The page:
The Royal Canadian Air Force recently revealed that its dedicated CC-150 Polaris VVIP aircraft also referred to as Can Force One, suffered a serious accident while undergoing maintenance nearly two months ago and isn’t scheduled to return to duty until August 2020. Canadian Prime Minister Justin Trudeau subsequently had to fly to London for the annual NATO summit on one of the service’s four other, but less specialized, CC-150s.
The mishap occurred on Oct. 19, 2019, but the Royal Canadian Air Force (RCAF) did not confirm it until Dec. 2. The incident remains under investigation, but the service has said that contract maintenance personnel were towing Can Force One into a hangar when it apparently went out of control and rolled into the hangar wall, crushing the nose. The right engine cowling also suffered damage.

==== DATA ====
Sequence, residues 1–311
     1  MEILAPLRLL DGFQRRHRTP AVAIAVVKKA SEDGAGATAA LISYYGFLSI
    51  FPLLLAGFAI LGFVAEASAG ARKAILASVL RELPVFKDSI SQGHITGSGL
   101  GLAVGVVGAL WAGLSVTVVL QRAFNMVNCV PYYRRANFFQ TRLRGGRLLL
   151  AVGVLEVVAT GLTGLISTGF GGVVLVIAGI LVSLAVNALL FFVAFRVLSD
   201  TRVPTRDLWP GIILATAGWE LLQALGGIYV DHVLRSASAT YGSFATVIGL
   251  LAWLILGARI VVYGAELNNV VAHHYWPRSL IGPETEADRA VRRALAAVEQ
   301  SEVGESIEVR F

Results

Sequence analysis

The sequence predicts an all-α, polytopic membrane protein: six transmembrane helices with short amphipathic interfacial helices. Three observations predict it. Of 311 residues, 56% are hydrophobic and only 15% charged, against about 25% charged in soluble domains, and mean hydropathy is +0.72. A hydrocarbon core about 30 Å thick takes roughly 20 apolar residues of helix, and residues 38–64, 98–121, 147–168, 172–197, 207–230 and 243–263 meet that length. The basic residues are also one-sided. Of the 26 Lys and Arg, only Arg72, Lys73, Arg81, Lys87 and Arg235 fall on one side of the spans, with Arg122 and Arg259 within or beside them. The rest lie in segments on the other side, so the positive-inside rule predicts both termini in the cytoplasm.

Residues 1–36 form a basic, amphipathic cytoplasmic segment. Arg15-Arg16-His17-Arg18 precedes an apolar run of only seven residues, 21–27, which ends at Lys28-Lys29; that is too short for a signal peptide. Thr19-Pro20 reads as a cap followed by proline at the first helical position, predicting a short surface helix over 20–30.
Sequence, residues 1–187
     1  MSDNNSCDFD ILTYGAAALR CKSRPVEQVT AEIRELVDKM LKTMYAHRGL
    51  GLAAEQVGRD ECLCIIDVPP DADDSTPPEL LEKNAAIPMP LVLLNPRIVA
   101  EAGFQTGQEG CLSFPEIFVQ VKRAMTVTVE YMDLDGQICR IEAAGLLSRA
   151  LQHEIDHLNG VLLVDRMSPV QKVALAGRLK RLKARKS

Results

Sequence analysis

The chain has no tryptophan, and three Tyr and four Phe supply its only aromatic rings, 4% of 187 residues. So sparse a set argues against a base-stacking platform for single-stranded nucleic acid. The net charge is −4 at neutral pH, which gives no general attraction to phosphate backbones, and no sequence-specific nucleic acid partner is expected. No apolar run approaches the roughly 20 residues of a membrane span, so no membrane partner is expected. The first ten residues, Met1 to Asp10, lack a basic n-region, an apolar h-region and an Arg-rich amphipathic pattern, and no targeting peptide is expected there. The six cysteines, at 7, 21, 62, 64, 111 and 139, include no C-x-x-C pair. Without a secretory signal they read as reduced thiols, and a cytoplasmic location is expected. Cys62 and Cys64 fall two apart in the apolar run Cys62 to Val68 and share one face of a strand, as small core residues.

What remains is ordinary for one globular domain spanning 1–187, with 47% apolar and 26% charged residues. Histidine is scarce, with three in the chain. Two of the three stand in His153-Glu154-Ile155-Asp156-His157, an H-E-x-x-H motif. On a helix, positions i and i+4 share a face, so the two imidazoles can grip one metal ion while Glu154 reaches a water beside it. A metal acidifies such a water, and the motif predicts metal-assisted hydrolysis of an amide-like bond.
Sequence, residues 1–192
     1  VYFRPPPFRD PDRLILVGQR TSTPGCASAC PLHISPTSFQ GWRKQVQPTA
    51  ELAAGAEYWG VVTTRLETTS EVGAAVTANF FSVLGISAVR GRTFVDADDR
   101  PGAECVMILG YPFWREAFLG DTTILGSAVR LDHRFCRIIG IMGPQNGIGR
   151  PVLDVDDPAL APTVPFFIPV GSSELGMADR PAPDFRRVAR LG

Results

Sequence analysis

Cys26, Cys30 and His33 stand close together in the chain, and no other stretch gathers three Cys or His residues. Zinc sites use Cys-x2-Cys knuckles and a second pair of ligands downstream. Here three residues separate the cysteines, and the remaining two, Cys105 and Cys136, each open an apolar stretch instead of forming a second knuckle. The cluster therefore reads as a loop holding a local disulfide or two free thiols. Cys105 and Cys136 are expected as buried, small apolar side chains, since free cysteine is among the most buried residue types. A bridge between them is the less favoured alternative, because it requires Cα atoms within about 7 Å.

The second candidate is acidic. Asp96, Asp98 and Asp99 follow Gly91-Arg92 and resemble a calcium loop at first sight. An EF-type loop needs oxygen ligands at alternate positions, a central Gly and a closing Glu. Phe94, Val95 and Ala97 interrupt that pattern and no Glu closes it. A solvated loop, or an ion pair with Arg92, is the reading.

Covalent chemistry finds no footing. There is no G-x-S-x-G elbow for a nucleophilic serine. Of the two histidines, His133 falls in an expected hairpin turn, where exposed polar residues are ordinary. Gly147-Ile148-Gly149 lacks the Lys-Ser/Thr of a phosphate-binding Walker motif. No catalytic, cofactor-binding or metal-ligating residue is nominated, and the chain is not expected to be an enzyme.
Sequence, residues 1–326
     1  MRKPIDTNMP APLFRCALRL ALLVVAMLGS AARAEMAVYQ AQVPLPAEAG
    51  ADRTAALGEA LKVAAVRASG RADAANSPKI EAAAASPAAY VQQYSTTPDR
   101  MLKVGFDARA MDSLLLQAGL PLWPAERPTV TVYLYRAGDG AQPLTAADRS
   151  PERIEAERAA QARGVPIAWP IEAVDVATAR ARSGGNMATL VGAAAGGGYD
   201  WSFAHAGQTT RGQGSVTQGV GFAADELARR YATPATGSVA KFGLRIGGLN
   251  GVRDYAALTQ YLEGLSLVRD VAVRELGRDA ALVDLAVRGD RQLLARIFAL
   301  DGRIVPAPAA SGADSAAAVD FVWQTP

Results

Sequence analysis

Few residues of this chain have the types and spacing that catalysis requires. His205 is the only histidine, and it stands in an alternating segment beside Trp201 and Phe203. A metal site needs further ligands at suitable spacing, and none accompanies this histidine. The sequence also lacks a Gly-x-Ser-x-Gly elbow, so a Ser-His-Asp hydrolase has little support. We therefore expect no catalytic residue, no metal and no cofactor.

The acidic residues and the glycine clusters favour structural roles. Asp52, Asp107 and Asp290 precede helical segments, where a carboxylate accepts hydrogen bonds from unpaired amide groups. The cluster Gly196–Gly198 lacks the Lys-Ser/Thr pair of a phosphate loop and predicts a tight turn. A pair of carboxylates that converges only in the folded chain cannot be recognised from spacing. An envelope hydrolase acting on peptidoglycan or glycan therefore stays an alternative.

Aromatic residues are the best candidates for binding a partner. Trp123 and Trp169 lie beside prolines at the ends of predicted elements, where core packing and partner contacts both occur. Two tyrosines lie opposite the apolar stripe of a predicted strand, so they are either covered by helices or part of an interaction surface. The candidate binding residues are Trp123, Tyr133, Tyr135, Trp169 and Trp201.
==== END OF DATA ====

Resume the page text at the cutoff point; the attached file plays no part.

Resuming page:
“We do not have sufficient detail about potential costs, or the attribution of those costs, to provide any detail at this time,” RCAF spokesperson Lieutenant Colonel Steve Neta said in a statement. “The incident remains under investigation to determine causes and identify preventive measures.”
Though the exact cost to the repair Can Force One is not yet known, the fact that teams from Airbus, which built the CC-150s, and General Electric, which is responsible for their engines, have already assessed that it will take some eight months to complete the work points to a likely very expensive bill.